But the stakes had risen in England. While taking a moral stance on German and Spanish aggression in the 1930s was acceptable from a distance, the possibility of both moral objection and non-engagement increasingly waned during World War II. This was certainly on Britten’s mind as he prepared for his trial in mid-1942, in which he confessed, “I realize that in total war, it is impossible to avoid all participation of an indirect kind but I believe I must draw the line as far away from direction participation as possible.”

Being forced to take a proactive stance on what pacifism was, Britten scaled a personal peak. His friend W.H. Auden warned him, “If you really are to develop your full stature, you will have, I think, to suffer, and make others suffer, in ways which are totally strange to you at present, and against every conscious value that you have; i.e. you will have to be able to say what you never yet have had the right to say—God, I’m a shit.”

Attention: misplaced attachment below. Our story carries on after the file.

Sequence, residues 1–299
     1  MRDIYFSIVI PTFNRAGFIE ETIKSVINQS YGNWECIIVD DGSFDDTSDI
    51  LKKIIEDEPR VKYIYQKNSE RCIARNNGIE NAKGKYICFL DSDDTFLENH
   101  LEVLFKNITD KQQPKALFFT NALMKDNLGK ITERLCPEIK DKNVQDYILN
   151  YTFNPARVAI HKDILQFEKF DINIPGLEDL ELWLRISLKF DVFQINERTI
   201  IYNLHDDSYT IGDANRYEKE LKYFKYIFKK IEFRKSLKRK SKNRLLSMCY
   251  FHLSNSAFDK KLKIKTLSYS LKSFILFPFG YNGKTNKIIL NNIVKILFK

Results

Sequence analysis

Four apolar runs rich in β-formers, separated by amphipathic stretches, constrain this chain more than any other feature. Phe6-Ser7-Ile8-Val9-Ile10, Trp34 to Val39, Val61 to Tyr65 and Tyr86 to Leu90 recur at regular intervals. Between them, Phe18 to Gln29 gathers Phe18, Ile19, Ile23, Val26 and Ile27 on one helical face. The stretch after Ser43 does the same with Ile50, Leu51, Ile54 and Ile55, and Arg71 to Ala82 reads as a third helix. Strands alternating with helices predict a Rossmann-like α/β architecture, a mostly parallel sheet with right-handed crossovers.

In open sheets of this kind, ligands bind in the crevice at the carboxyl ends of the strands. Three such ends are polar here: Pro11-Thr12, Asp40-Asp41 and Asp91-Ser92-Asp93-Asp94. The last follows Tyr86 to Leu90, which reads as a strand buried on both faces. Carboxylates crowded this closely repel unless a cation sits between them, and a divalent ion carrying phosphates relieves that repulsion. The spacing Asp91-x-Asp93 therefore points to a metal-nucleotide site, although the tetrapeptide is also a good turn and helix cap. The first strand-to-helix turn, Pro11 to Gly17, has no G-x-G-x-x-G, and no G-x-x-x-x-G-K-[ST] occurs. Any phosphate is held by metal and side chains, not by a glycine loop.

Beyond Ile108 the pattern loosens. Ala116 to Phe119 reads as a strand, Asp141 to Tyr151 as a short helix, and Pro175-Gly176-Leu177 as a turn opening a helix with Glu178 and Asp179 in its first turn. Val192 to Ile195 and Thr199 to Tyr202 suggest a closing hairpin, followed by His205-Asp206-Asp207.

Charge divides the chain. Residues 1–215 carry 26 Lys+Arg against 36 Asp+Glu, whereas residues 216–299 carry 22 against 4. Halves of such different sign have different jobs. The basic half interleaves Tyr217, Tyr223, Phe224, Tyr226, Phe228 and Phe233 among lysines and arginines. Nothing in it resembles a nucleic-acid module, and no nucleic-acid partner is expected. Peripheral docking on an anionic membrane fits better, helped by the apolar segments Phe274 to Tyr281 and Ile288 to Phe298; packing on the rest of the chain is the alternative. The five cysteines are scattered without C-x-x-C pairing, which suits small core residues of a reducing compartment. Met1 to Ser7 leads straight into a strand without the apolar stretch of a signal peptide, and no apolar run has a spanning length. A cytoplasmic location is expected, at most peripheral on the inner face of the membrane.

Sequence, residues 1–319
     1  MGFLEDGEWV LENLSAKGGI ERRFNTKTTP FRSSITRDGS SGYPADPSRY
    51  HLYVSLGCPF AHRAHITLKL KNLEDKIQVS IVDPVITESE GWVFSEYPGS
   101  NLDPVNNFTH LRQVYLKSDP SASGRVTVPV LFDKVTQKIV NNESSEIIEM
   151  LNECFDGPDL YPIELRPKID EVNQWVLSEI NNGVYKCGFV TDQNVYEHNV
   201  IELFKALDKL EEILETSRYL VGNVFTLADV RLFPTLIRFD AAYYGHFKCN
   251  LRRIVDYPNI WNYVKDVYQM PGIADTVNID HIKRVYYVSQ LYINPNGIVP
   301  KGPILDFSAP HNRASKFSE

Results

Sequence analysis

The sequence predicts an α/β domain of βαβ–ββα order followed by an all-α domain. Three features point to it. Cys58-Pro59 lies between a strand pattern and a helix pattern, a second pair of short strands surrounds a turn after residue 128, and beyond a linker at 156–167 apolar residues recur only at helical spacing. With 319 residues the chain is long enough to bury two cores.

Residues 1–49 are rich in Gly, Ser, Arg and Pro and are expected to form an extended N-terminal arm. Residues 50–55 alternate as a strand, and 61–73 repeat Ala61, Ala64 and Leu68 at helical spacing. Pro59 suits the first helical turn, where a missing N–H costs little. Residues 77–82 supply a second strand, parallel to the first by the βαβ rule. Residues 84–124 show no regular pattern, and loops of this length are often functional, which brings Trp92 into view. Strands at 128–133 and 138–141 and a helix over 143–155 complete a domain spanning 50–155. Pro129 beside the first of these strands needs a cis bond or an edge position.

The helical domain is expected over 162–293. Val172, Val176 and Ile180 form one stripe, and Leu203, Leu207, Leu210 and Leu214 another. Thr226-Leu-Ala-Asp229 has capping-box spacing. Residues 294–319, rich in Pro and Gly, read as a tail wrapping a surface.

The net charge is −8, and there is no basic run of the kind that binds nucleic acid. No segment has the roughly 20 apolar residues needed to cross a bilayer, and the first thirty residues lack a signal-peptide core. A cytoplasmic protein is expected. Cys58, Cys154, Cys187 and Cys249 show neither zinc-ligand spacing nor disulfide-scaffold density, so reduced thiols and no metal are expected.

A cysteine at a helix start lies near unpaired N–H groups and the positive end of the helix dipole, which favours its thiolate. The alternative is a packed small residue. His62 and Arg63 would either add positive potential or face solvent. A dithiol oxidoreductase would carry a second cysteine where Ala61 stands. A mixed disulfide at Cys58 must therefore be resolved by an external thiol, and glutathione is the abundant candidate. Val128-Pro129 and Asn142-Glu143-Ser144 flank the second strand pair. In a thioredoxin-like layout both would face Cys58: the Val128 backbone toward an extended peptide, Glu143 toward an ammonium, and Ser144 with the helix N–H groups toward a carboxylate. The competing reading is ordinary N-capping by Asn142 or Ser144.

Britten made an affirmative choice to return to England. His former tutor Frank Bridge and friends such as Christopher Isherwood made happy homes in America, but ironically Britten’s pacifistic conscience led him home to take a stance on a defining moral issue of his life.  

Musicians love to talk about tension in Britten’s music, the problems of decision and the struggle of conscience. New York-based harpist Ashley Jackson, herself a very politically engaged musician and academic who works with Sing Her Name, told me that “the technical challenges and subversion of traditional harmony are what make Britten’s music so immediately accessible to audiences.”